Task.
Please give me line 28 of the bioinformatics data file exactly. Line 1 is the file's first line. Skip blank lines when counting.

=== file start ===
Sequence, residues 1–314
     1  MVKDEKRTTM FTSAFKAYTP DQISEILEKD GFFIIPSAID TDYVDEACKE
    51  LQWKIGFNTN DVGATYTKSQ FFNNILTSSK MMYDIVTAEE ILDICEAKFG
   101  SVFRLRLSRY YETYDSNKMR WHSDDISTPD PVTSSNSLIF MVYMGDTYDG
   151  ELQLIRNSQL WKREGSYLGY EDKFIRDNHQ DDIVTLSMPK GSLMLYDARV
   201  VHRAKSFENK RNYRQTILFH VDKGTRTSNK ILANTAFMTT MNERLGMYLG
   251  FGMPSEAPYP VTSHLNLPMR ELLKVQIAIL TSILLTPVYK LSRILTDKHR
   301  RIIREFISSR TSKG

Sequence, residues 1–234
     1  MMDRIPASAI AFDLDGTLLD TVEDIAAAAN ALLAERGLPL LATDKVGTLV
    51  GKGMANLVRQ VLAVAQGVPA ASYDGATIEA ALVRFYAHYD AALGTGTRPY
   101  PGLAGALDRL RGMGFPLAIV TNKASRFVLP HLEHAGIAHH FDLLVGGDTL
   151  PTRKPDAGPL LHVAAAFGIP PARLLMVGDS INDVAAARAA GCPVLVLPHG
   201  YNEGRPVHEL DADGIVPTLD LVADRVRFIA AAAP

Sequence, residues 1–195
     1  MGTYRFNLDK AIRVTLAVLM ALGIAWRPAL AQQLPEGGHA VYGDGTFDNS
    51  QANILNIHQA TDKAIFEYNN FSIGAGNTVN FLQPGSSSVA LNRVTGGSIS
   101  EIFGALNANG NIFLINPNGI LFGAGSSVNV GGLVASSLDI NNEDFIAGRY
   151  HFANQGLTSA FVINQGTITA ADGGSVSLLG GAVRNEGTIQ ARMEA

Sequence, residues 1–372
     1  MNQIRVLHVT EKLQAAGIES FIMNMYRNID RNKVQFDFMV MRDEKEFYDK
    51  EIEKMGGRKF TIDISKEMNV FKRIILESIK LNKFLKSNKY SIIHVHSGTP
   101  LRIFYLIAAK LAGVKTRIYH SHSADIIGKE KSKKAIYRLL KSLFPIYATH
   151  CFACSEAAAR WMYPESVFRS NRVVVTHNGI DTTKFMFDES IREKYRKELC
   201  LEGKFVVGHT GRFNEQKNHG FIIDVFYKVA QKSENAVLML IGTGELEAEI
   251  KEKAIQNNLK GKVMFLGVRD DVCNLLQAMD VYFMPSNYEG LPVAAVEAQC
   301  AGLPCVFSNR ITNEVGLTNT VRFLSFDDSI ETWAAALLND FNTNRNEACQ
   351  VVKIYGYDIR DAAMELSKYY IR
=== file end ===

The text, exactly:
   351  VVKIYGYDIR DAAMELSKYY IR